This hasn’t been a great week for deep thinking but since I promised let me take a crack at this conservative literature question noted below. The short answer is yes and no. Literature can have a strong conservative viewpoint and therefore bolster that worldview but great literature transcends worldviews.
The tricky part is defining conservatism and then applying that to literature. I think that to traditionalists anything that reinforces continuity, tradition, community, an accurate view of human nature, or delivers insight into the human condition is in some way conservative. Certainly Russell Kirk, Irving Babbitt and others so literature as a powerful and necessary part of the good society; of order in the soul and therefore in life. They looked to literature to remind us of ideas beyond, to use Kirk’s phrase, “the dreams of avarice.” For them literature elevated us beyond a mere material or physical existence and pointed us to a higher order.
Given my sympathies with this world view I certainly look for literature in this tradition. But I think great art and literature can also be subversive or seek to undermine the very things conservatives are seeking to build/preserve. I think an argument can be made that much of modern literature is in fact in this mode. It seeks to break up what it views as stifling and suffocating tradition. Its goal is to highlight the absurdity and uselessness of traditional beliefs and ways of existence. This type of literature seeks to break up taboos and tear down barriers. This could flow from a romantic view of the world or a more radical political view. The romantic argues with Rousseau that man was born free but is everywhere in chains. The romantic seeks to set man free from the artificial chains of hierarchy and tradition so that he might be truly free. The radical seeks to overthrow the status quo because he views it as politically oppressive. Literature can be about power too.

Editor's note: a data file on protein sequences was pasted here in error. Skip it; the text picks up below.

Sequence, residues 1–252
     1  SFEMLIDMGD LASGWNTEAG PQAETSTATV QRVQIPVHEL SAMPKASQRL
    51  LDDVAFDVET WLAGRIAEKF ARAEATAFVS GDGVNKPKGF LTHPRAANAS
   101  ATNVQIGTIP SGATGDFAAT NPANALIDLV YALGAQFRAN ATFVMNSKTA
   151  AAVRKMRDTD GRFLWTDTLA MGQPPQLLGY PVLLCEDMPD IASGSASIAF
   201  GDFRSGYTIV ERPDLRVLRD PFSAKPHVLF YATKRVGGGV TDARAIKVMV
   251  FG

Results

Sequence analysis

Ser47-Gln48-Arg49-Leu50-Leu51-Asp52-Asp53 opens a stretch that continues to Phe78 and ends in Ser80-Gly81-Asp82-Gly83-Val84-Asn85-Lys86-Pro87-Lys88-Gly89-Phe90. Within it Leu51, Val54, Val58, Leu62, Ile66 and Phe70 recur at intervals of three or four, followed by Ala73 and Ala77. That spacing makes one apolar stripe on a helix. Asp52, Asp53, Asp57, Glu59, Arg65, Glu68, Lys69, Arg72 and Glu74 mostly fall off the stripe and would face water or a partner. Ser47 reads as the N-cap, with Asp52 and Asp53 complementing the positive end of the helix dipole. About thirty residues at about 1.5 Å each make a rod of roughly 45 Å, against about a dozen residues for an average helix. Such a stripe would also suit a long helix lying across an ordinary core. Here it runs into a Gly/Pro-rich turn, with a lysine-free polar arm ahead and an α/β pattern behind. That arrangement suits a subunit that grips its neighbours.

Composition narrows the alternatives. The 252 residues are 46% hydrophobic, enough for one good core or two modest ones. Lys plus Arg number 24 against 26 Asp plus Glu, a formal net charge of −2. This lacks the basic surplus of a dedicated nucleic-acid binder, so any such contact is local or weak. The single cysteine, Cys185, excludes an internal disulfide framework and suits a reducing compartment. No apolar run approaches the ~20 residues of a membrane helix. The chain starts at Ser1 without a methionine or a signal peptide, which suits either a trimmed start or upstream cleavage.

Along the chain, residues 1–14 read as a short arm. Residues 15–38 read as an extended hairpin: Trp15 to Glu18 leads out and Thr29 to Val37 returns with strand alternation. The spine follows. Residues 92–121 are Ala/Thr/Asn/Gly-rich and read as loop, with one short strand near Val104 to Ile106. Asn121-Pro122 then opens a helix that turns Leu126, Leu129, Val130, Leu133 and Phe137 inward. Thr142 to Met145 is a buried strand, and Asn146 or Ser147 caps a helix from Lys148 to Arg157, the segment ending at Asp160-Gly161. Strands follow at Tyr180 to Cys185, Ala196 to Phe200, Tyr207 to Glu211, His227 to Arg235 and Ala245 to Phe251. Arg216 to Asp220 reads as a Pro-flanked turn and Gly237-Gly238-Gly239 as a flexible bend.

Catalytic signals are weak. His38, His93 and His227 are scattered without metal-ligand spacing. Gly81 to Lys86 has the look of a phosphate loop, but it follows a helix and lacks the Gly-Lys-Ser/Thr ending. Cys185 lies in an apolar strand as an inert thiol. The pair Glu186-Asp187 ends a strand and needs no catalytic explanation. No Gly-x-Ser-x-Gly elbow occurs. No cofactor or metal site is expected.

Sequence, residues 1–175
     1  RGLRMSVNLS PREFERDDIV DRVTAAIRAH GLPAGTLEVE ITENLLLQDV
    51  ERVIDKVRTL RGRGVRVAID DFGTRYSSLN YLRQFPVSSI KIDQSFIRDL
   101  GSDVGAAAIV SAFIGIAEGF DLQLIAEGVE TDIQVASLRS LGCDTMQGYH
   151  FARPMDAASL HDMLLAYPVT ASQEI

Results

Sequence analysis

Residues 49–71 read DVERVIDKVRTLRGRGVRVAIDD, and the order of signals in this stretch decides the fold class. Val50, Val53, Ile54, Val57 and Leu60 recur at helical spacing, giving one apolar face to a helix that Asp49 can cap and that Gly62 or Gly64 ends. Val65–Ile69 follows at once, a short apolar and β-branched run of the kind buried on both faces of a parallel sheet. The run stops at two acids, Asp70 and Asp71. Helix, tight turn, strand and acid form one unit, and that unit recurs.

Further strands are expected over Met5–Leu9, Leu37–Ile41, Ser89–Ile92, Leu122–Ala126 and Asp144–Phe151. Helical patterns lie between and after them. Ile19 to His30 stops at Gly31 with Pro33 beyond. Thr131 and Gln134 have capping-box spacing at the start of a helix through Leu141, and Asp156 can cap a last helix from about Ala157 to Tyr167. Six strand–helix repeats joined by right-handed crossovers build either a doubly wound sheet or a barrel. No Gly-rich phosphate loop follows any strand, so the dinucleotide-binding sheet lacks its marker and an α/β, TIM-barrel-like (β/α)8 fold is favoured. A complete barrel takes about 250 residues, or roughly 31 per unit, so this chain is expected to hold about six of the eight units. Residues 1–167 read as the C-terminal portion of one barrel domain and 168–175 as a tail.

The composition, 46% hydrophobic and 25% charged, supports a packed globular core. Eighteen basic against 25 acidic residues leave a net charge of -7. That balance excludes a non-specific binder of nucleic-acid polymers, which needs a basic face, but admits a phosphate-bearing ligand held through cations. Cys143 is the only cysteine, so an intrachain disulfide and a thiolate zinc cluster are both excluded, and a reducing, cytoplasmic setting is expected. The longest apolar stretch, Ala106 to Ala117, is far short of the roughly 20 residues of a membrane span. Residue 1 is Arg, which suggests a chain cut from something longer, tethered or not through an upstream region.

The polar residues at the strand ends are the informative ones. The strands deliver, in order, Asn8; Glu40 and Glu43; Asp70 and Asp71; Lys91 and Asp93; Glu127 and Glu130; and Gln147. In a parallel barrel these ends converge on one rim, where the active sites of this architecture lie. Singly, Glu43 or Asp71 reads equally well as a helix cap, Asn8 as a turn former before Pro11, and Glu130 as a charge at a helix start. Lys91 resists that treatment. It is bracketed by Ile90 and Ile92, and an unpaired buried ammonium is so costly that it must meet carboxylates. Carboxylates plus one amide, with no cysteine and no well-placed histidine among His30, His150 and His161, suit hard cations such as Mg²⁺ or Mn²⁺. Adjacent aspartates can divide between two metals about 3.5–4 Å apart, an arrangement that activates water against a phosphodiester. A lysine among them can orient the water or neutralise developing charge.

So I guess what I am saying is that great literature touches something important in the human condition but that the motivation and impact of that literature might not be conservative. Conservatives, at least traditionalists, value literature as a building block and defense of civilization but they don’t insist that all great literature is conservative.